Wednesday, January 25, 2012

End Of The Year, End of the World

Hi! Miss me?

It's been a crazy few months here at Phortress Phantasmic, mostly due to an overload of illustration work (which is a very good thing, of course, for my ability to not starve to death and those who enjoy watching me not starve to death). Things are calming down a little now, so it's time to take inventory of...stuff.

Firstly! Lemuria is back, obviously, and if you haven't been following it, it's recently featured the return of Hordo of Atlantis from the second-ever story. Plus lots of pirates. I do have every intention of colouring these strips as soon as I can find a moment to do so...

I also want to finally return to Freak U. and yes, even Night Shift; I'm going to say Freak U. will return sometime in February. Night Shift, I'm not sure about. Even Amazon Space Rangers, which is effectively dead as a comic, is sort of back in the form of a series of prints I'm working's the first.

More on that later. Um, what else? I guess I'll bang out some reviews for the end of 2011 and early 2012:

Sherlock Holmes 2: A Game of Shadows and Sherlock, Season 2: It's kind of weird how pop culture is suddenly Sherlock-happy, isn't it? And now apparently there's an "American Sherlock" TV show in development, which will probably just be "House meets CSI" crap. Anyway, it must hurt Guy Ritchie and Robert Downey Jr. right down in their spleen to know that their big-budget theatrical steampunk version of Sherlock Holmes is being so consistently upstaged by a BBC production starring a previously-unknown and the guy from The Office. I mean, the Downey Sherlock Holmes movies seem to make decent bank, and I actually liked the first one somewhat--putting aside the stupid action movie setpieces, the script actually captured the tone and characterizations of the stories, and avoided some of the pitfalls modern Holmes adaptations sometimes fall into (Watson isn't an idiot, the supernatural is revealed to be fraudulent). But Game of Shadows was just awful--loud, bloated, bombastic, without a trace of wit or refinement. Yes, refinement. Sherlock Holmes should be REFINED, dammit. He should also spend at least a little of his time, y'know, solving mysteries, something Ritchie apparently has no interest in whatsoever. Even worse, the movie's version of Moriarty is staggeringly bland, which seems like it's the last thing Ritchie would get wrong.

This, more than anything, is something that looks completely embarrassing when stacked up against the Stephen Moffat show, because this was the season they got to play with Moriarty, and they absolutely nailed it. The accepted wisdom on Moriarty is that there's something "everymannish" about him, as if he had no personality of his own and could blend in perfectly with the background, the better to manipulate his criminal network. The movie interprets this, as I said, as "let's make Moriarty really, really boring". The show has a very clever take, as we saw last season: first by having Moriarty "speak" using other people's voices, and then revealing him as an unsettling creature whose speech patterns seem to vibrate at random across the entire spectrum of human speech, while never once sounding natural--an obvious advantage when your archnemesis is a guy who can tell everything about you from a glance and a few words. Some people seem to have found this a little annoying, and actor Andrew Scott has toned it down a lot this season, but it's still present. Scott is creepy every second he's on screen--he knows exactly when to go over the top and when to tamp it down a little (but only a little). His over-the-topness is employed in a highly restrained manner, if that makes any sense. But then, it may be necessary to go a little over-the-top when you're sharing the screen with Benedict Cumberbatch. On the flip side, Lara Pulver plays it perfectly cool as Irene Adler, in "A Scandal in Belgravia", somehow managing to be impassive and expressive at the same time, and she too strikes sparks with Cumberbatch--if this season has an overriding flaw, it's that Martin Freeman as Watson gets pushed a little too far to the side by all the larger-than-life personalities.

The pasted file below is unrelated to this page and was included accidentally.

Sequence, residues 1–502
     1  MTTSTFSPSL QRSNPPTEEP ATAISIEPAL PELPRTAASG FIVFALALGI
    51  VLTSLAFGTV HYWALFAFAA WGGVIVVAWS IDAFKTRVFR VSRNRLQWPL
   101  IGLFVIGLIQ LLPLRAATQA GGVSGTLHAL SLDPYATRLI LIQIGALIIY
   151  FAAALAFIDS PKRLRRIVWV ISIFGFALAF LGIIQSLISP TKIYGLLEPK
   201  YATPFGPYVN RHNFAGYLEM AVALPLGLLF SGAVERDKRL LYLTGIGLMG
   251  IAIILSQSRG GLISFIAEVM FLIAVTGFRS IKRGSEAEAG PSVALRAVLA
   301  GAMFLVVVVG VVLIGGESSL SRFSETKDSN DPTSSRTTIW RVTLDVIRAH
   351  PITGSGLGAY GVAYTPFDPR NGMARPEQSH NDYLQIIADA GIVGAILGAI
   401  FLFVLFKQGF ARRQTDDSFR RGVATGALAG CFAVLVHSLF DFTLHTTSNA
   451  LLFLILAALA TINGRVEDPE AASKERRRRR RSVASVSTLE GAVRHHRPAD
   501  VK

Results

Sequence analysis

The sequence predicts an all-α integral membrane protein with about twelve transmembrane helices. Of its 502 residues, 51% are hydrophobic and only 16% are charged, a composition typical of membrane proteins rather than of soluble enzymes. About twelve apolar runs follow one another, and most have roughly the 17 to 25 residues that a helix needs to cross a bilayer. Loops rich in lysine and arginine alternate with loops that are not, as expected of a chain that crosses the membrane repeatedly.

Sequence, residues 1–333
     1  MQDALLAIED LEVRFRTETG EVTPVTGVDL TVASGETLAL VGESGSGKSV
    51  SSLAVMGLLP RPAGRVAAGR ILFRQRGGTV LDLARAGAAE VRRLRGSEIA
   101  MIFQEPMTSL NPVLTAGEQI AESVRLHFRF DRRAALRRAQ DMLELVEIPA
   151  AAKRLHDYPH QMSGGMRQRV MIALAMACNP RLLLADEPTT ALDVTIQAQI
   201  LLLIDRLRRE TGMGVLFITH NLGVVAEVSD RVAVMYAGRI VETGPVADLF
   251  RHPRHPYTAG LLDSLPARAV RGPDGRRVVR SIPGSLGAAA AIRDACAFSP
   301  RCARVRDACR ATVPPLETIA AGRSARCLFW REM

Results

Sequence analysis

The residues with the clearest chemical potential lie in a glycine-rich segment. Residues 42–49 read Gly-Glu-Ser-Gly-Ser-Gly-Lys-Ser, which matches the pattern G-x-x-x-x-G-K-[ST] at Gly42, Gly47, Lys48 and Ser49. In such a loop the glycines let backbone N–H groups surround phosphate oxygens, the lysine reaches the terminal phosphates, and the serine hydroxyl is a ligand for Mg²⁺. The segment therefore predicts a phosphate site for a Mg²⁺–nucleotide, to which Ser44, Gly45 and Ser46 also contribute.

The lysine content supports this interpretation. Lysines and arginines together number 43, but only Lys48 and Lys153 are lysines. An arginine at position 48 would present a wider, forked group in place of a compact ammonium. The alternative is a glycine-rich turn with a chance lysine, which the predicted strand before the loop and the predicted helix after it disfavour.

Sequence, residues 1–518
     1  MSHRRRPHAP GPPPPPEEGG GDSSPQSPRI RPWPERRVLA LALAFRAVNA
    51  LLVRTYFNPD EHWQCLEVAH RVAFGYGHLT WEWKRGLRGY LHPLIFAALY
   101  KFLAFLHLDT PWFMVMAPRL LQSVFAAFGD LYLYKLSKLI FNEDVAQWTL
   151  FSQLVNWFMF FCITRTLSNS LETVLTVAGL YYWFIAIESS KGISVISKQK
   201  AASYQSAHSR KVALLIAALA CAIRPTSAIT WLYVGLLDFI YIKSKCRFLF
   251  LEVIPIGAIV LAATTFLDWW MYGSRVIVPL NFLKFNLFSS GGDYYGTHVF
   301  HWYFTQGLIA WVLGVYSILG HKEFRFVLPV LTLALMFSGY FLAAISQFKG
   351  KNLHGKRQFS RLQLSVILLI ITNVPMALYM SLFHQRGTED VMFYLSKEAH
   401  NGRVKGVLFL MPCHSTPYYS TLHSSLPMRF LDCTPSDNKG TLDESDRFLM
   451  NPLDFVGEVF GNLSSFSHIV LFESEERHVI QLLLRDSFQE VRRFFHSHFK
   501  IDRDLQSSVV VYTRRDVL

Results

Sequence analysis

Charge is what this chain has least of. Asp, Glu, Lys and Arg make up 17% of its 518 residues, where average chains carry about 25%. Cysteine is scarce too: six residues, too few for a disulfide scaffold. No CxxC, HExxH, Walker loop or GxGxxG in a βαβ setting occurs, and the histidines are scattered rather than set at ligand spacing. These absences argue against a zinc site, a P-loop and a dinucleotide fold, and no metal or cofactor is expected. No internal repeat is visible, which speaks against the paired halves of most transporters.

In general, though, this season is better than the mostly-great first, which was weighed down by the inferior (and racist) "The Blind Banker" and a somewhat chaotic plot in "The Great Game". This seasons' weakest entry is "The Hounds of Baskerville", which is a little padded, but which still manages to get some real mileage out of pitting Sherlock against the supernatural, and develops the theme of Sherlock's increasing humanity in a smart way, by having him deal with crippling terror, something he never thought he'd have to do. "Belgravia" is probably the best single episode of the show so far (for the record--SPOILERS--my opinion is that Adler faked the whole scenario at the end for the sake of faking her death, but also to see if she could draw Sherlock out; so did in fact "win" their game in a sense, by revealing him to have feelings. That's just my interpretation, though, and if Moffat meant for it to be a straightforward "Sherlock saves the day" moment, I do think that's a misstep). And Moriarty's plan in "The Reichenbach Fall" is extremely clever, a brilliant way of upping the stakes and showing why he's a real threat to Holmes, as opposed to just a guy with a really epic scheme to take over the world.

I *am* a little skeptical that Moffat can pull off the reveal of how Holmes pulled off his triumph at the end there--Moffat's shown he's not immune to illogical deus ex machinas in Doctor Who, as the last season showed--but I'll definitely be watching. Oh hell yes.

Hmmm, that ended up taking a lot more space than I expected. OK, I guess I now have the material for a whole series of posts!

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